Tympanal sound reception is particularly well developed in orthopterans, notably in the crickets and katydids. In most of these ensiferan Orthoptera the tympanal organs are on the tibia of each fore leg (Figs. 4.4 & 9.2a). Behind the paired tympanal membranes lies an acoustic trachea that runs from a pro- thoracic spiracle down each leg to the tympanal organ (Fig. 4.4a).

Crickets and katydids have similar hearing systems. The system in crickets appears to be less specialized because their acoustic tracheae remain connected to the ventilatory spiracles of the prothorax. The acoustic tracheae of katydids form a system completely isolated from the ventilatory tracheae, opening via a separate pair of acoustic spiracles. In many katydids, the tibial base has two separated longitudinal slits each of which leads into a tympanic chamber (Fig. 4.4b). The acoustic trachea, which lies centrally in the leg, is divided in half at this point by a membrane, such that one half closely connects with the anterior and the other half with the posterior tympanal membrane. The primary route of sound to the tympanal organ is usually from the acoustic spiracle and along the acoustic trachea to the tibia. The change in cross-sectional area from the enlargement of the trachea behind each spiracle (some- times called a tracheal vesicle) to the tympanal organ in the tibia approximates the function of a horn and amplifies the sound. Although the slits of the tympanic chambers do allow the entry of sound, their exact function is debatable. They may allow directional hearing, because very small differences in the time of arrival of sound waves at the tympanum can be detected by pressure differences across the membrane.

Whatever the major route of sound entry to the tympanal organs, air- and substrate-borne acoustic signals cause the tympanal membranes to vibrate. Vibrations are sensed by three chordotonal organs: the subgenual organ, the intermediate organ, and the crista acustica (Fig. 4.4c). The subgenual organs, which have a form and function like those of non-orthopteroid insects, are present on all legs but the crista acustica and intermediate organs are found only on the fore legs in conjunction with the tympana. This implies that the tibial hearing organ is a serial homologue of the proprioceptor units of the mid and hind legs.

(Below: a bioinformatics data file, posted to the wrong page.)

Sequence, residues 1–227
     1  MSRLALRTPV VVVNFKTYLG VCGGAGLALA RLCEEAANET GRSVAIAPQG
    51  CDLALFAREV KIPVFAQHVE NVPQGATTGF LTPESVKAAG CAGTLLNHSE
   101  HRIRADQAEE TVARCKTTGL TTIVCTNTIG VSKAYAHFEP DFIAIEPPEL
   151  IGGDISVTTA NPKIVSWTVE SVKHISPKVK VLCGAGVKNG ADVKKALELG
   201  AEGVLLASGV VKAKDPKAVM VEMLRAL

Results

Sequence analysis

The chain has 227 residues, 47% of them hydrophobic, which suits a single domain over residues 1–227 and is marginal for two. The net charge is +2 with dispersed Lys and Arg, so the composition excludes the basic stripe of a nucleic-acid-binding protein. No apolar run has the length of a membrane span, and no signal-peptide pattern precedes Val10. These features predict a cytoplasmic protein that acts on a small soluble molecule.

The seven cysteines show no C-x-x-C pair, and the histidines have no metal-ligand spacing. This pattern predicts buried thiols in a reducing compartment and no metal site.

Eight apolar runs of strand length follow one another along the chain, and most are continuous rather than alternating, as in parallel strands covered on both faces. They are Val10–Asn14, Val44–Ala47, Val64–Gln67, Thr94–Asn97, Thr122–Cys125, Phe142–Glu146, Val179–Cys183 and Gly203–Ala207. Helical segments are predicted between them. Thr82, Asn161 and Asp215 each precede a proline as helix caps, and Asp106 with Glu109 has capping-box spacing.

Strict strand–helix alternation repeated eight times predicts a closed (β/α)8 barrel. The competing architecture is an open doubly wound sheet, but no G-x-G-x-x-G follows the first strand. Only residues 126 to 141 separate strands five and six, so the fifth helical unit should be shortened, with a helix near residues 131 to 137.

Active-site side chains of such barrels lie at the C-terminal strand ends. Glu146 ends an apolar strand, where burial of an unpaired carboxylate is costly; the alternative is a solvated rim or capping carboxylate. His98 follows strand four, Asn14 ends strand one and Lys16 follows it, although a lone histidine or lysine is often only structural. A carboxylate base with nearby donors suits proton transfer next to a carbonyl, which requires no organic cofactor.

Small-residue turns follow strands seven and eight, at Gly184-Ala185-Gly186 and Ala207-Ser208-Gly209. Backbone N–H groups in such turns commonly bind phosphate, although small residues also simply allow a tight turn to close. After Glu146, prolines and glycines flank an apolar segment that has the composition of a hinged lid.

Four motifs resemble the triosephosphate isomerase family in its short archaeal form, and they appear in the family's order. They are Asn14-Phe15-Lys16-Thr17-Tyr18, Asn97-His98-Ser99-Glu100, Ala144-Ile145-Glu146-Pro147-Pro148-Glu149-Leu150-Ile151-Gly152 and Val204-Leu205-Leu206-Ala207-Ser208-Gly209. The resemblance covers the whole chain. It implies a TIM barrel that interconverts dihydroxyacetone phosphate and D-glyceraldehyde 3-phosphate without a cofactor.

The crista acustica consists of a row of up to 60 scolopidial cells attached to the acoustic trachea and is the main sensory organ for airborne sound in the 5–50 kHz range. The intermediate organ, which consists of 10–20 scolopidial cells, is posterior to the subgenual organ and virtually continuous with the crista acustica. The role of the intermediate organ is uncertain but it may respond to airborne sound of frequencies from 2 to 14 kHz. Each of the three chordotonal organs is innervated separately, but the neuronal connections between the three imply that signals from the different receptors are integrated.

Hearing insects can identify the direction of a point source of sound, but exactly how they do so varies between taxa. Localization of sound directionality clearly depends upon detection of differences in the sound received by one tympanum relative to another, or in some orthopterans by a tympanum within a single leg. Sound reception varies with the orientation of the body relative to the sound source, allowing some precision in locating the source. The unusual means of sound reception and sensitivity of detection of direction of sound source shown by ormiine flies is discussed in Box 4.1.

Night activity is common, as shown by the abundance and diversity of insects attracted to artificial light, especially at the ultraviolet end of the spectrum, and on moonless nights. Night flight allows avoidance of visual-hunting predators, but exposes the insect to specialist nocturnal predators — the insectivorous bats (Microchiroptera). These bats employ a biological sonar system using ultrasonic frequencies that range (according to species) from 20 to 200 kHz for navigating and for detecting and locating prey, predominantly flying insects.